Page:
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Food security


What is food security?


Oxford County is one of the richest areas in Ontario for prime agricultural land. Yet, more than half of us don't eat the recommended daily intake of fruits and vegetables, and 1 in 10 of us felt food insecure last year. Ensuring everyone has access to good food is part of living in a healthy community.

Food security looks at all the factors that ensure a safe, reliable and nutritious food supply for all members of a community:

Affordability. Can you afford to eat? Can you afford to eat healthy food?

 

Accessibility. Not everyone has access to a vehicle or public transit to get to a grocery store. Some people may need to rely on nearby convenience stores or “fast food” restaurants.

 

Availability. Due to our Canadian climate, fresh, locally grown fruits and vegetables are not as readily available year round.

 

Emergencies. If there was a major power outage or snowstorm, do you have – or does your community have-- a food supply that could last 72 hours?


Food facts

 

Did you know:

  • 60% of Oxford County residents don't eat the recommended daily intake of fruits and vegetables
  • $208.55 is the average cost of healthy food per week in Oxford County for a family of four (2015)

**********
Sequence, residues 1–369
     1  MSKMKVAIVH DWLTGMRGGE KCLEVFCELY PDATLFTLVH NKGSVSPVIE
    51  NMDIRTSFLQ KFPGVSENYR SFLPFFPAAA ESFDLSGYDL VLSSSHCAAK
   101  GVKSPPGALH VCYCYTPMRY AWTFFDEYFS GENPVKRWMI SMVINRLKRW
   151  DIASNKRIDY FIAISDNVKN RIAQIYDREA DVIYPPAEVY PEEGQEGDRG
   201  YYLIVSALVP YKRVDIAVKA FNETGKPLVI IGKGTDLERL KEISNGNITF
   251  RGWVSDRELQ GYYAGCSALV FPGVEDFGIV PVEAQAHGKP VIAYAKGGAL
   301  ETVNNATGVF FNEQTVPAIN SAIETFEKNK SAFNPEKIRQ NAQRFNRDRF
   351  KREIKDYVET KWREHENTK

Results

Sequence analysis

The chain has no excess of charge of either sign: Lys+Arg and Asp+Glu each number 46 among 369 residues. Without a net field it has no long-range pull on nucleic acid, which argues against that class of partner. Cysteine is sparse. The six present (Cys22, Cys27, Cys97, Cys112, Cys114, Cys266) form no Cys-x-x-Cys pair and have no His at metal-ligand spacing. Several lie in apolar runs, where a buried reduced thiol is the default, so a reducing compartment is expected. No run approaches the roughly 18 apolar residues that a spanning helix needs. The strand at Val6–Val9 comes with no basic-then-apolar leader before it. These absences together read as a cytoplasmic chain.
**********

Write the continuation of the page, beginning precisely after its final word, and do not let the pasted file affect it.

• About 10% of Oxford County residents feel food insecure

Read the 2015 Nutritious Food Basket bulletin for more details.

 

 

Past Nutritious Food Basket bulletins

2014 Nutritious Food Basket
2013 Nutritious Food Basket


Developing food security policy

 

The issue of improving food security is a growing priority in Ontario. In 2011, Oxford County Public Health received provincial funding to help establish Food Secure Oxford, a network of community organizations and individuals concerned about the local food system led by the Woodstock and Area Community Health Centre.

In 2013, Public Health received a provincial grant to support the development of food security policy in Oxford County. This funding was intended to support Oxford's eight area municipalities in identifying issues in their communities and kick-start working groups or food policy councils to respond to those issues.

Read the report: Oxford County Food Security Policy Development